• 5.2 million participants, or 66 percent, would not meet the proposed work requirement based on their current work patterns for a month, although some might receive an exemption or live in an area where the requirements are waived; and
  • 2.7 million participants, or 34 percent, would likely meet the work requirements based on their current work patterns for a month.  

Also noteworthy is what we learned about people working intermittently, a common experience among SNAP participants. When we examine SNAP program participants over a year, 9.8 million would be subject to, but would not meet, work requirements for at least one month in 2018. But 52 percent of this group would meet the work requirements in at least one other month in the year.

These participants could lose SNAP benefits if they cannot find a job or enroll in an employment or training program within one month of falling out of compliance.

We also estimate that 2.7 million SNAP households with children have adults who are subject to work requirements. Among these households, 1.9 million, or 69 percent, in a given month would not meet the requirements, even though more than half do meet them in at least one other month of the year.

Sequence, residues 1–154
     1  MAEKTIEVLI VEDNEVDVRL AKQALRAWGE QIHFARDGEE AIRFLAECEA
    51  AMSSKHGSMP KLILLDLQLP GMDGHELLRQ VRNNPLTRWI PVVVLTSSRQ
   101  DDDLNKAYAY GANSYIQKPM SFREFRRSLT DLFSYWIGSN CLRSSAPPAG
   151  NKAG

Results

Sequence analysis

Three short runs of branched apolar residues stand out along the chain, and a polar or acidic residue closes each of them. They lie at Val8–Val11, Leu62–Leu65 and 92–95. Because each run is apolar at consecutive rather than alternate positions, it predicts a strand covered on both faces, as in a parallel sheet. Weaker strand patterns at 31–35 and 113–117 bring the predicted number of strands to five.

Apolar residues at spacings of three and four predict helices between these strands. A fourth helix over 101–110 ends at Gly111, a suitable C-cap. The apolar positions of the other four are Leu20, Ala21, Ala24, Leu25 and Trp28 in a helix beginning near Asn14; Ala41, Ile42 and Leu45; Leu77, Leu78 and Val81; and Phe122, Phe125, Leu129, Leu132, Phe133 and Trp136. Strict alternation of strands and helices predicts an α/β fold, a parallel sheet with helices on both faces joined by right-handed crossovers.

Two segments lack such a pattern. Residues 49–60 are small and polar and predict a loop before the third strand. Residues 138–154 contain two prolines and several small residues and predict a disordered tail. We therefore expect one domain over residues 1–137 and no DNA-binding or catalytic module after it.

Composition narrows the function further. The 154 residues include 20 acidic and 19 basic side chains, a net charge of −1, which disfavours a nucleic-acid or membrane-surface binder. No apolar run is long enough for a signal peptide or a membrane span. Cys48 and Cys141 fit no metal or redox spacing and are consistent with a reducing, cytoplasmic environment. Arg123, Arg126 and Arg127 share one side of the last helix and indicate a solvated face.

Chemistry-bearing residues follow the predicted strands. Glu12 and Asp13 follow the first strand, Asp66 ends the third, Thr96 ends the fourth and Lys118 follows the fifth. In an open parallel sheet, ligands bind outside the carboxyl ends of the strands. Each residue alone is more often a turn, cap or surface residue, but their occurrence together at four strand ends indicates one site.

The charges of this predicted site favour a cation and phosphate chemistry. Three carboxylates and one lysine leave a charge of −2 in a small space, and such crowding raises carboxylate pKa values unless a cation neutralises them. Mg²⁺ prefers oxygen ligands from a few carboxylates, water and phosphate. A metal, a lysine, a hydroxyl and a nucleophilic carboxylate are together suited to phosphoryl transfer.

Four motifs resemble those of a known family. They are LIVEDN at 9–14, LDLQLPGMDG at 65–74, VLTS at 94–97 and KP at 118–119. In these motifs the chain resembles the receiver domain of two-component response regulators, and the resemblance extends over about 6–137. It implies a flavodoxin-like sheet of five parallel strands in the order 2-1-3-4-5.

Implications for states and funding decisions

Results among individual and household SNAP participants vary across states, and states would need to invest in new administrative procedures and SNAP employment and training programs.

The proposal would require states to offer a slot for 20 hours a week to anyone unable to meet the work requirements on their own. Although the proposed bill allocates $1 billion for these services, our analysis suggests this allocation may not be adequate. Recent analysis of employment and training programs that promote opportunity suggests that effectively operating these programs might cost between $7,500 and $14,000 per participant.

We provide upper-bound estimates of the number of people who would likely need employment or training to continue receiving SNAP benefits because some of those we estimate as subject to work requirements would receive exemptions or waivers. But the scale of investment states would need to make in their employment and training programs to meet the forecasted need exceed their investments to date. 

Research has shown that work requirements in safety net programs do not necessarily help people find well-paying jobs or lift them out of poverty. Policymakers need to consider the pros and cons of various approaches as they consider the 2018 Farm Bill.

Among the challenges the bill presents that policymakers may want to revisit is the short period for allowing someone to show compliance, the expectations for state administrative procedures and investments, the reduction in state flexibility to tailor program rules, and the need for high-quality employment and training for many participants that is likely well beyond current capacity.

Hilda Herrera pays for her groceries using a food stamp program at a supermarket in West New York, N.J., on Jan. 12, 2015. Photo by Seth Wenig/Associated Press.